The song he was singing to me was the song “You’re Beautiful” by James Blunt. 2015-07-20 06.10.01It was brand new on the radio at that time.

The song lyrics tell the story of a man who sees a woman in a crowd from a distance. They made eye contact, smiled, but nothing else. He mentions that his love for her is pure, that she looks like an angel to him. In the song, he repeats that she is beautiful.

The song meant a lot to Justin, and from that point on, to me, as well. In many ways, it reflected a part of the life that Justin and I were living. The fact that a five year old could identify with the meaning was impressive and touching to me.

As Justin was singing this song, every time he sang the refrain of “You are beautiful”, he would hold my face and look directly into my eyes. He made sure that I was looking into his eyes as well. Listening to little Justin sing those words while looking at me with so much love in his eyes…I was overwhelmed with his demonstration of his love… I started crying. My tears were pouring down my face like a broken faucet!

Justin was shocked to see my reaction. He thought that his song had made me sad. I reassured him that his song and singing hadn’t made me sad. I explained to him that his actions had moved me deeply, that he made me so happy, and that what I was feeling was his intense love and gratitude. I gave him a storm of kisses and hugged him so tightly. As soon as I released him from my embrace, he assumed a proud satisfied attitude and was radiating a feeling of accomplishment… all so cute to me!

20160428_160729Justin realized, that his actions had created a beautiful emotion in me and it made him feel good. He liked it! In the weeks that followed, Justin would try to recreate that moment we had shared.

I would be vacuuming or sweeping the floors, while he and his brothers were playing. If the song started playing on the radio, within seconds of hearing the opening bars of “You’re Beautiful”, Justin would recognize the song, stop whatever he was doing, jump up and run to find me.

He would come to place himself right below my nose intently staring up at me with his big brown eyes looking straight into my eyes. Those two gorgeous and innocent brown eyes, as big as they could get, would dart back and forth between my right and my left eye…back and forth…back and forth. He was completely fixated and analyzing mine, waiting, looking, searching for my tears, hoping for my emotions to show again. It was so innocent and cute to see him looking for that moment in my eyes that gave my emotions away. I adored it.

For sure, every time that Justin did this, he gave me an emotion, although each time it was different: the first time there were abundant tears from experiencing his overwhelming love, the second time it was amazement and joy looking at his anxious face, the third time I would laugh and giggle to see him trying again. Regardless of how many times he tried and how different I reacted, the feeling of love was always present.

Because of this experience with Justin, I am more careful now with my actions and my words . I consciously do my best to use them to lift up friends and family. Just like Justin made me feel with “his” song, I want to make people feel valued, loved and beautiful.



Photos by Sandi Gamblin

Editing by Randall Gamblin.  For editing info and work please email

The Moment

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“Yesterday is history, tomorrow is a mystery, and today is a gift…that’s why they call it:  Present” ―  Master Oogway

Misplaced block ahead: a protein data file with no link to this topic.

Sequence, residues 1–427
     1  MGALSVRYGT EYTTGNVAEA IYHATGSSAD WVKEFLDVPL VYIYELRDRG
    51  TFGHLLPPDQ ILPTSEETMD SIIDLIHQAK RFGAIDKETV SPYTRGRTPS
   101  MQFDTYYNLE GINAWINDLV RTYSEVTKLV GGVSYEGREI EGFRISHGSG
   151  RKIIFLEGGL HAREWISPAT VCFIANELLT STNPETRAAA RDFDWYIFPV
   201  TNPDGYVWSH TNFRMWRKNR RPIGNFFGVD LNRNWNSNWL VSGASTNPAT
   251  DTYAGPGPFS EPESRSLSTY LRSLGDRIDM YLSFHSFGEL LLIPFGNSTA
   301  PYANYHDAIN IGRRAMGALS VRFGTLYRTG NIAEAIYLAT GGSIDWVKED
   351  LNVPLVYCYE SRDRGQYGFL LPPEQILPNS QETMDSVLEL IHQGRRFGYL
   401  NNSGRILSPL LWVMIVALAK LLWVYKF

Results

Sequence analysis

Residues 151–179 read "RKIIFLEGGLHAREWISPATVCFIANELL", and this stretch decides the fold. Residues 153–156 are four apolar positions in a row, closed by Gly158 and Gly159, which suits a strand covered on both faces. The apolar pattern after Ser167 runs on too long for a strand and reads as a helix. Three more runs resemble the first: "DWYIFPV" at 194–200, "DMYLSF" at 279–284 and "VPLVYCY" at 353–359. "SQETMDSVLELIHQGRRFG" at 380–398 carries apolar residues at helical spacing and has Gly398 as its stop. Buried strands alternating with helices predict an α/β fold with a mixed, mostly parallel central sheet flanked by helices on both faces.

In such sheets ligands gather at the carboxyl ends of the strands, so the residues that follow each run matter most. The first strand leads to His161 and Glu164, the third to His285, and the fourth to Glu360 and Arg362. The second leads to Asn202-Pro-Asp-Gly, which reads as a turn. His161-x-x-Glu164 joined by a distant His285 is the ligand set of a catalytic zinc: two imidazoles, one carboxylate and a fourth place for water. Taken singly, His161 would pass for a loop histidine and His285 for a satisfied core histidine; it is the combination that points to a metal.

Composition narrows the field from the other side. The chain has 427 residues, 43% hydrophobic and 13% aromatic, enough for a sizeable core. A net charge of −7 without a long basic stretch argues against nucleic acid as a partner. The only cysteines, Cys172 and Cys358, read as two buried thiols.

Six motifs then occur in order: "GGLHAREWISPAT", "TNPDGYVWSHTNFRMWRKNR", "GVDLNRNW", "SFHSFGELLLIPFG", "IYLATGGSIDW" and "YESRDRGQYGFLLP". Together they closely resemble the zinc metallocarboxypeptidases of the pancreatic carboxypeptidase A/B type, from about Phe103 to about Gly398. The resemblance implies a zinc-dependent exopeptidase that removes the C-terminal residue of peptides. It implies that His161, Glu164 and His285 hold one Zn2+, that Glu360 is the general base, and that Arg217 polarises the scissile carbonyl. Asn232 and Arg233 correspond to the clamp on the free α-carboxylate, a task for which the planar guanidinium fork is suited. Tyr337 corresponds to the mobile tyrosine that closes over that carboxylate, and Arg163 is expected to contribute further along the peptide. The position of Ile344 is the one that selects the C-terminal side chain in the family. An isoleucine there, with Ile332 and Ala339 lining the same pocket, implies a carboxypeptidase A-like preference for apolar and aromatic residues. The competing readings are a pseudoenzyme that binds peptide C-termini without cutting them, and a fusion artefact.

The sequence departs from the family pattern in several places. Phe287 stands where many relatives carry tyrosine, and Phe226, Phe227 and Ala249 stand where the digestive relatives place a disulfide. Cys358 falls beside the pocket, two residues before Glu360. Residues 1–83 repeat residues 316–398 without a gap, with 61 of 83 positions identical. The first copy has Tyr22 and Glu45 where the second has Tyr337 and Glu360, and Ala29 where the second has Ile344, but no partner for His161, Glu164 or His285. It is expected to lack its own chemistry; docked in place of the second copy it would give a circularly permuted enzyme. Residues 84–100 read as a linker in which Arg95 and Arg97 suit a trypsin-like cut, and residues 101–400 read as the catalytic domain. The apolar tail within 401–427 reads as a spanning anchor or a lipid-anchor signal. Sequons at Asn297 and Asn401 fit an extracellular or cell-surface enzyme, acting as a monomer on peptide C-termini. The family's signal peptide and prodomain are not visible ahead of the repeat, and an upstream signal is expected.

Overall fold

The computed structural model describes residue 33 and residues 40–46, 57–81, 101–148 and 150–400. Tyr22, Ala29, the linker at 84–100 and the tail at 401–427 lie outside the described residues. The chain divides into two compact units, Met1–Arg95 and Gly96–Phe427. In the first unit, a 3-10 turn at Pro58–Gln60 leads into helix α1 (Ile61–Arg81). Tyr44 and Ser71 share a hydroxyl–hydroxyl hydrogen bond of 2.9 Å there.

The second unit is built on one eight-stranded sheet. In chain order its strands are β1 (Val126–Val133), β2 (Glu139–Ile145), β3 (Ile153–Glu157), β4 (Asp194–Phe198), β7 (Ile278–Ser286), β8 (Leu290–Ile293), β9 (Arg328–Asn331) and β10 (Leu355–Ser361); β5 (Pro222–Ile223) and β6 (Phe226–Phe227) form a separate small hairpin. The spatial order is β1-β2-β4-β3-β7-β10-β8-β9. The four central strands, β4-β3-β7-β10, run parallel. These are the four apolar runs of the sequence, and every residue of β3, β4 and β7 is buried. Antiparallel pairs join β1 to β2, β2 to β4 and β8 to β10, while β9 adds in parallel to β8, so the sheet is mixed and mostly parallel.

At one point in my life it helped me to understand what living in the moment means and to enjoy my present instead of thinking of the past or the future.  It helped me to be in the “Now”.

I had heard that quote before, but on this particular day it actually spoke to me and made sense.

My boys were excited to go see the movie Kung Fu Panda which had premiered that week.   I was enjoying my boys company and their beautiful spirits as much as I could.  The moment the lights went down and the movie started, my boys had their attention on the screen.  Me, my body was there, but my mind was not. My second marriage was failing and all I was doing was thinking about possible solutions, causes, consequences and all the thoughts that come with marriage problems and potential divorce.

My boys were loving the movie.  Sometimes their giggles would bring me back to the theater, but mostly it would wander back to my problems.  Then the scene came when Master Oogway (Chinese for Tortoise) is talking to Po, the Panda, and he says:  “Yesterday is history,tomorrow’s a mystery, and today is a gift…that’s why they call it:  Present”.

2015-11-20 12.48.18My mind, which had been completely absent to the moment, was captured by what Master Oogway said,, and came back to listen and analyze that specific saying.  I call it my Aha Moment, because something clicked inside of me, something magical that changed me.   If I could describe the change that happened, I would say that there was an inner light that started as a flicker and became brighter and brighter as the quote played over and over inside my head.

The whole meaning of it became clear to me.  I was not taking full advantage of the present by worrying so much about things that had already happened, had not happened or may never happen.  Things that I had no control over were the owners of my “Now”.

I looked away from the screen and into my boys beautiful faces.  Their smiles were so big and their eyes were shining so bright, their minds completely submerged in the movie, the plot and the characters.  Not a worry in their world…and I wanted to be and feel like them.  Their secret? Like Master Oogway said, they were living in the present moment. They were taking advantage of their gift…the Now.

I did my best to free my mind of any other thoughts and to stop thinking, to be there, at the movie theater, body and soul, and love that moment with my boys, to appreciate my present, my gift.

The rest of that day was amazing. I felt free. I felt joy. 2015-11-20 12.35.39I felt peace and love that was so fulfilling because it came from inside me and from the realization of the gift I had.  Since that day, I do my best to stay in the moment.  It is not easy and sometimes it seems impossible.